The agreement will ensure that the left-wing party supports the government coalition headed by Babis in a confidence vote which will take place in the parliament on Wednesday. The confidence vote is mandatory and all governments must face one to remain in power.
Babis’s centrist, anti-establishment ANO party won an election last year but most other parties have rejected working with them while Babis —a billionaire businessman— faces investigation for alleged fraud, which he has denied.
ANO managed to agree to a coalition with the leftist Social Democrats, but has been unable to form a parliamentary majority, which led it to seek support from the Communist Party.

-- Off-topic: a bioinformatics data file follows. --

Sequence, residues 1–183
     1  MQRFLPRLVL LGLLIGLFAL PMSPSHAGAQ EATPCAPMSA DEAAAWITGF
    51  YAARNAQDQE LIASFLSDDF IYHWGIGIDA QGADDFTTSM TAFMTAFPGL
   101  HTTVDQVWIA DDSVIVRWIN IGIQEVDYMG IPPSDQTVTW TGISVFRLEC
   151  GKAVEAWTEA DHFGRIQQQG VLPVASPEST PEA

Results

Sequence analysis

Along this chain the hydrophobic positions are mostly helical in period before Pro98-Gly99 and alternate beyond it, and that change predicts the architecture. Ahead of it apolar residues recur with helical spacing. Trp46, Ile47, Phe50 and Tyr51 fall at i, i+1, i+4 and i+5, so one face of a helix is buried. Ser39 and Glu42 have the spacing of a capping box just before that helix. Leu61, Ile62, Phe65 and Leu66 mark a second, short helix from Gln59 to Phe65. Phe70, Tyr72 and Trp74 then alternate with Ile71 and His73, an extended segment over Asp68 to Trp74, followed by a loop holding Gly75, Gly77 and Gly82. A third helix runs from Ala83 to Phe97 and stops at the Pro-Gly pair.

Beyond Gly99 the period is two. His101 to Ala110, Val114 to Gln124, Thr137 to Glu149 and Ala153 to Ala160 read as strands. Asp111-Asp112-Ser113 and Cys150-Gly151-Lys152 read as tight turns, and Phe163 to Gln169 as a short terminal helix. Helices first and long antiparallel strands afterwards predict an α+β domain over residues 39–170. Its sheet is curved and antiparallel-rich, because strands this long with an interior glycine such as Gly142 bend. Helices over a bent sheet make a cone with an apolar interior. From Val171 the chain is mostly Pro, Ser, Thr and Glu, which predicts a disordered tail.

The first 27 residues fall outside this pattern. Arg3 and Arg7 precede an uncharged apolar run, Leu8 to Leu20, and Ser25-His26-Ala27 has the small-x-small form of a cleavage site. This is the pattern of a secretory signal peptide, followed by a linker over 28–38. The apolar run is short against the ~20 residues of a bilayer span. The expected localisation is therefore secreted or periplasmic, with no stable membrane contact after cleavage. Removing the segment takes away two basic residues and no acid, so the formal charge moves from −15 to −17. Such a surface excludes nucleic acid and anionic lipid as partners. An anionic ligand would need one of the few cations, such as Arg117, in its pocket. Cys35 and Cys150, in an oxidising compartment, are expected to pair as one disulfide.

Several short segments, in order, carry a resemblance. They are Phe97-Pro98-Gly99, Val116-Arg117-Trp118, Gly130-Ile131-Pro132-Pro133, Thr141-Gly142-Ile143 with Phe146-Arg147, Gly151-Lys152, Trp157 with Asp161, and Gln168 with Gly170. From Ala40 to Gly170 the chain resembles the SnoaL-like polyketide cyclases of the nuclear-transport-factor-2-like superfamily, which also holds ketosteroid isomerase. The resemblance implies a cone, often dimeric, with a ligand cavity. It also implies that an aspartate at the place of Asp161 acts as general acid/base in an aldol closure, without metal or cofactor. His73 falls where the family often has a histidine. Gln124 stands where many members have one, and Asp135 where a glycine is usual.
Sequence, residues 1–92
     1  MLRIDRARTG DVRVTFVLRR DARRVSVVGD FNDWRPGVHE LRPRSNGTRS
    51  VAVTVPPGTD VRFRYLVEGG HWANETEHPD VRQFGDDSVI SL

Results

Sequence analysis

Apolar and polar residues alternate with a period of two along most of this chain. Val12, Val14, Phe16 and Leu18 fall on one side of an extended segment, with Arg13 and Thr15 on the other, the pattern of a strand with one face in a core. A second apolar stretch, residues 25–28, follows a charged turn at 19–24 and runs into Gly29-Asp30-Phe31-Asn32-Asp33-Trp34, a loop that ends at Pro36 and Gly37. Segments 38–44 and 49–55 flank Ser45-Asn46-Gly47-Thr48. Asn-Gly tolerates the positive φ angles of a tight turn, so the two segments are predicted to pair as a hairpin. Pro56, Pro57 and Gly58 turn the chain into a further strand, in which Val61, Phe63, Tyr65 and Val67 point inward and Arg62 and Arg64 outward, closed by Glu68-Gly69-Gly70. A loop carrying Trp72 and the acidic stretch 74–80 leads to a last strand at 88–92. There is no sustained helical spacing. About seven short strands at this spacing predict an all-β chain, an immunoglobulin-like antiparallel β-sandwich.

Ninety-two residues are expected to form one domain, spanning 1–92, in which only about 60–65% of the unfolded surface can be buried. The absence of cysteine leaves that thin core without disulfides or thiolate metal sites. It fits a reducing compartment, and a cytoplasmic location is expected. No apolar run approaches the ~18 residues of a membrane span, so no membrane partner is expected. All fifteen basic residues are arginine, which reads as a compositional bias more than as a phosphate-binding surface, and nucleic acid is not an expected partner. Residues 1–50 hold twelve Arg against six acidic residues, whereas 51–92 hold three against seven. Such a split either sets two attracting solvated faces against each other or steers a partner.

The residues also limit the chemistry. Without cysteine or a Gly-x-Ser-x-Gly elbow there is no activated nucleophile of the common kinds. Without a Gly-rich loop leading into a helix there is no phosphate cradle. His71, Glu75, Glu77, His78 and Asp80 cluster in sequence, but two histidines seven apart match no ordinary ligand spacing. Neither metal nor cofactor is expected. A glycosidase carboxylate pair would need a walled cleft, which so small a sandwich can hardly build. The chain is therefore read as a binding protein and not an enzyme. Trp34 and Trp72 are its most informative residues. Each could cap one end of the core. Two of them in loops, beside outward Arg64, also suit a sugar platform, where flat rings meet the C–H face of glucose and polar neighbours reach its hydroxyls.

Babis won the party’s support by agreeing to their call to tax compensation that churches receive for property seized by the former Communist regime in the country.
Cooperation with the communists has sparked outrage from many Czechs and prompted thousands of people to come out and protest against the move in June. The Czech Communist Party has maintained hardline views, unlike many other European communist parties, who have moved into the mainstream left-wing in recent years.
The party is anti-NATO and totally opposed to any deployment of Czech troops abroad, including to the Baltic countries and Poland as part of NATO missions. It also maintains close relations with communist parties in Cuba, North Korea and China.
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